Presentation on theme: "Unmet Transit Needs Process Kern Council of Governments March 15, 2001."— Presentation transcript:
Unmet Transit Needs Process Kern Council of Governments March 15, 2001
Unmet Transit Needs Process Overview Defining an Unmet Need Determining if an Unmet Need is Reasonable to Meet Identifying an Unmet Need Public Hearing Process Conclusion/Questions
Overview The unmet transit needs process is an annual review of transit needs of individuals or groups. Public hearings are held on an annual basis to determine unmet needs and receive comments from the public. Unmet transit need comments are also received and analyzed throughout the year.
Public Transportation Funding Fares bring in only % of the operating expenses for public transit. Money for operations and capital is primarily derived from ¼ of the one-per-cent sales tax. Grant programs, such as Section 5310 and Section 5311, also provide funding to transit operators.
Funding Distribution As the Regional Transportation Planning Agency (RTPA), Kern COG distributes transit funding dollars. Distribution is based on the population of the eligible claimant jurisdiction, i.e., the cities of the county and Golden Empire Transit District. Urbanized areas, as defined by the latest Bureau of Census report, are used to determine required farebox recovery ratios.
Definition of an Unmet Need Requests for transit service must meet the adopted definition of an unmet need. An unmet need exists if an individual of any age or physical condition is unable to transport himself or herself because of deficiencies in the existing transportation system.
Definition of an Unmet Need Excluded from the definition of an unmet need are: Those requests for minor operational improvements. Those improvements funded and scheduled for implementation in the following fiscal year.
Determining if an Unmet Need is Reasonable to Meet A transit need must pass the “reasonable to meet” definition. Reasonable to meet is defined as: Operational Feasibility: The requested improvement must be safe to operate and there must be adequate roadways for transit vehicles. Duplication of Service: The proposed service shall not duplicate other existing transit services. Timing: The proposed service shall be in response to an existing, rather than future need.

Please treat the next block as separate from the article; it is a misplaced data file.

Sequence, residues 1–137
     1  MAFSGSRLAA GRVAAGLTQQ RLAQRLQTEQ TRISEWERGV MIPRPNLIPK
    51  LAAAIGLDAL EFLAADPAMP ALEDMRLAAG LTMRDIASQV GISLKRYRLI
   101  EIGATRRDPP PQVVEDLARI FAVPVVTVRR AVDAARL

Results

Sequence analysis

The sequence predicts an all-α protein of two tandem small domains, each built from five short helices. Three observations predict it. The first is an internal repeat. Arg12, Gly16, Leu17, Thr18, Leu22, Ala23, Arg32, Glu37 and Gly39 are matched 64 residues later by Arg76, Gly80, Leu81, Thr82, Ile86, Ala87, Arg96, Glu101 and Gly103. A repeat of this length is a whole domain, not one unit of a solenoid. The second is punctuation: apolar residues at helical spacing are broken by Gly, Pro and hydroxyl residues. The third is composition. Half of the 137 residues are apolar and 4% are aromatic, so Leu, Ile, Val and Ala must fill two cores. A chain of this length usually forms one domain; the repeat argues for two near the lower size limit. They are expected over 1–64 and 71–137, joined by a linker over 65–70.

Determining if an Unmet Need is Reasonable to Meet Service must meet the legally required farebox ratio with fares close to fares of similar service. A farebox recovery ratio of 10% for social service systems, 10% for rural systems and 20% for urban systems. A detailed report shall be filed within 90 days after the end of the first fiscal year in which any extension of service is implemented and the associated costs are subject to exclusion from farebox ratio recovery requirements.
Challenges of Funding New Transit Service Safety of passengers, drivers, and vehicles is very important. There is often no transportation sales tax money for new transit services. Ridership on a new service could be insufficient to recover the mandated 10% farebox expense ratio.
Unmet Needs Public Hearing Process Each fiscal year Kern Council of Governments must adopt one of the following findings: 1. There are no unmet transit needs. 2. There are no unmet transit needs that are reasonable to meet. 3. There are unmet transit needs, including those that are reasonable to meet.
Unmet Needs Public Hearing Process Prior to Kern COG’s annual unmet needs hearing, each transit operator/claimant advertises and conducts a public hearing. Following their hearings, each claimant’s governing body makes an unmet transit needs finding by Resolution. The Social Services Transportation Advisory Committee (SSTAC) submits an annual unmet needs finding to Kern COG Board at a public hearing.